CIAA Football: Livingstone 24, Virginia-Lynchburg 21
By Dave Shaw
SALISBURY — The CIAA gods don’t have Livingstone’s football team to kick around anymore.
With one swing of kicker Hillman Tabi’s right foot, the Blue Bears said good-bye and good-riddance to their 28-game losing streak Saturday night at Alumni Stadium.
“It’s a beautiful, beautiful night,” winning coach Elvin James beamed after LC gained a 24-21 double-overtime victory over winless Virginia-Lynchburg, a school fielding its first team in 57 seasons. “Don’t wake me up. I feel like I’m in some dream, a dream come true.”
Not since an Oct. 4, 2008 win against J.C. Smith had the Blue Bears (1-3) outscored an opponent. In three previous games this season they’d been outpointed 133-28 and appeared to be on another treadmill to nowhere.
“Yeah, but in situations like this, you’ve just got to have faith in yourself and your team,” senior Michael Haygood said. “You’ve got to keep pushing. If we fell down seven times, we were getting back up eight.”
Defensive lineman Dorian Edwards — a three-year veteran who tasted the sweet nectar of victory for the first time — had an illuminating post-game comment.
“A great man named Vince Lombardi once said that if winning isn’t everything, why do they keep score?” he offered following a round of bro hugs with jubilant teammates. “We had some ups and downs, but when adversity hits, what are you gonna do? Tonight Livingstone College stood up to the challenge.”
LC secured the win when VUL kicker Shane Woods pushed a 38-yard field goal attempt from the right hash mark wide-left on the game’s final play. Dragons’ coach Willard Bailey thought the officials may have blown the call. “I thought it went right through the middle,” he said after VUL’s fate was sealed with a miss. “I was ready to play on.”
LC linebacker Tyheim Pitt blocked an extra point, made a game-high 13 tackles and had a perfect view of the final play.
“When he kicked it it sure looked like it was good,” Pitt said. “I know our fans made a lot of noise. They may have rattled him a little. I’d say it was probably a foot away from being good.”
And a foot away from adding to the Blue Bears’ frustration. “You want these type of games,” sophomore receiver Anthony Holland said. “They make you understand why you compete so hard.”
Certainly one of Livingstone’s game balls should be awarded to first-year junior Terry Anderson. A Jersey native who was born to run, he returned kickoffs 100 and 91 yards for touchdowns and gave LC a 21-13 lead when he went coast-to-coast to open the second half. Afterward, he spoke of atoning for a lost fumble in last week’s lopsided loss at Bowie State.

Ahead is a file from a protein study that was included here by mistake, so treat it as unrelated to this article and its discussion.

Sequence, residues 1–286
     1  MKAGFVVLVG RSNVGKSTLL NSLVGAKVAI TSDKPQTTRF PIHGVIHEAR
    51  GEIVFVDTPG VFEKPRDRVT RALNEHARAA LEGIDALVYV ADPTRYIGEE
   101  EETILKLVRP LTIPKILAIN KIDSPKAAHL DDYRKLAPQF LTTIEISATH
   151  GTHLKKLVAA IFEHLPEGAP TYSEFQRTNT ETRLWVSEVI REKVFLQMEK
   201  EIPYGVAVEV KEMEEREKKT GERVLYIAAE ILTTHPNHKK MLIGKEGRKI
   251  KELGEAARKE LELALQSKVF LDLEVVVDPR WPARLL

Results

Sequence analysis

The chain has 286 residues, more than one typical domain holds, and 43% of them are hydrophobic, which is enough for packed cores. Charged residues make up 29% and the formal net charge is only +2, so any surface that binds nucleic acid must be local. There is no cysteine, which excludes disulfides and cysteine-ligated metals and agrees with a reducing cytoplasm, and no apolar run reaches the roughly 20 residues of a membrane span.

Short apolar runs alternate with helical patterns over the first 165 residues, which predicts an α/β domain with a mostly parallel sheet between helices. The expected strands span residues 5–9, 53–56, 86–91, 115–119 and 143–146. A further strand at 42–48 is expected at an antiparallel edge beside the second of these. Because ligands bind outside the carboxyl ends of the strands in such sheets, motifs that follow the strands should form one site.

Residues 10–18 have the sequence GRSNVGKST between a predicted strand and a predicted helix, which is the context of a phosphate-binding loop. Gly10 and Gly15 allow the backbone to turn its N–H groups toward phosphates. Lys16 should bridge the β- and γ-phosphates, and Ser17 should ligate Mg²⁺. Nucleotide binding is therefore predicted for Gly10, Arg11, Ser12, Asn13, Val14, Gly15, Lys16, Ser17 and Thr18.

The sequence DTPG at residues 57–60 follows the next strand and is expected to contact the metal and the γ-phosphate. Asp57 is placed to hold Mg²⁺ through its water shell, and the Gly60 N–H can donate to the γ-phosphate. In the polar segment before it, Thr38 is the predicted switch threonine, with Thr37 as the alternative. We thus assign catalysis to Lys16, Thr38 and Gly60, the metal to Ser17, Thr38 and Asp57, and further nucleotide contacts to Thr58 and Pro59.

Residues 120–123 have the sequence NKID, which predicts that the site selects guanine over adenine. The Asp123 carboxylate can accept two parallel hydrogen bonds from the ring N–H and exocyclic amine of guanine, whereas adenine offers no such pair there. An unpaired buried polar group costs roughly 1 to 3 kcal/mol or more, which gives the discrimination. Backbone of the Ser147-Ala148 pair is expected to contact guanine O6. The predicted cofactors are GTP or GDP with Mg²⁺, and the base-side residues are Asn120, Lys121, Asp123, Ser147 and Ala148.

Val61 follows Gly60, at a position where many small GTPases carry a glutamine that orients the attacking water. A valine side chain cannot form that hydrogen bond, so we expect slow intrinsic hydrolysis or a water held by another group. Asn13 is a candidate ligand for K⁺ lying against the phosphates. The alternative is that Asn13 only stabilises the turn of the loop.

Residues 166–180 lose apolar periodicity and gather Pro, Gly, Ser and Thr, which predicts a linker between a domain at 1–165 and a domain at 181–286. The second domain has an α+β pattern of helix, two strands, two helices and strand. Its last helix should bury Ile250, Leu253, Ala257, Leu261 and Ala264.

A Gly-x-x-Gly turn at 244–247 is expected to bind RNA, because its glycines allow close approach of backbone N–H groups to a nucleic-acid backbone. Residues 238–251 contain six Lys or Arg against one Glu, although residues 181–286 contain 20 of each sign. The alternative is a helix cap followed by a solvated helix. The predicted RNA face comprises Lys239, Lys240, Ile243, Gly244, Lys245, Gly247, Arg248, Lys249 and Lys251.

“My first game, my first return and I muffed it,” Anderson said. “I felt like I owed the team something. I knew the only way I could help us win this game was to get on board and take it to the crib. I had to keep my fellas going.”
Anderson’s story is quite interesting. A two-time all-American in track who spent the last two years at JUCO Iowa Western, he hadn’t played football since ‘08. “My high school team hadn’t won a game in like five years,” he said. “But in my last game as a senior I scored four touchdowns and won. That day was all about believing we could do it.”
So was this one, especially after VUL (0-4) tied the score 21-21 midway through the third quarter. “We knew it wouldn’t be a cakewalk,” said Bailey, “but we didn’t think it would be this hard. We played an inspired team tonight and in the end, they were a little more disciplined.”
Livingstone squandered a golden opportunity to win the game in regulation after quarterback Jaren Troutman (72 yards rushing, 71 passing) navigated the Blue Bears from their own 20-yard line to the Lynchburg 22. The drive stalled with 5.8 seconds remaining when Tabi’s 30-yard field goal attempt drifted wide-right.
“I could the feel the pressure,” the freshman from Washington, DC revealed. “Then I hit the ball with my toe. I didn’t hit it right.”
VUL’s first OT possessionwas pure drama. A missed field goal was wiped out by an LC roughing-the-kicker penalty. Moments later West Rowan graduate Justin Avery made his fourth interception of the season to extinguish the rally. Livingstone took over and reached the 8-yard line before another penalty and a nearly fatal fumble almost cost it the game. Only a touchdown-saving tackle by running back Terrill Gourdine (103 yards rushing) and tight end Miles Harris brought down Lynchburg’s Marquevious Myers a few strides from the end zone and forced a second overtime series.
This time Tabi stroked a no-doubt-about-it 26-yard field goal that ended Livingstone’s three-year quest for victory.
“The losing streak is over,” declared Holland, Tabi’s holder on the game-winning kick. “You cou’dn’t hide from it — around the CIAA, the community, everywhere you went. Now the monkey’s off our back. I love how this night started and I love how it ended.”
SALISBURY — Pete Stout was the head coach of the 1971, 1973 and 1974 WNCHSAA champs that will be honored... read more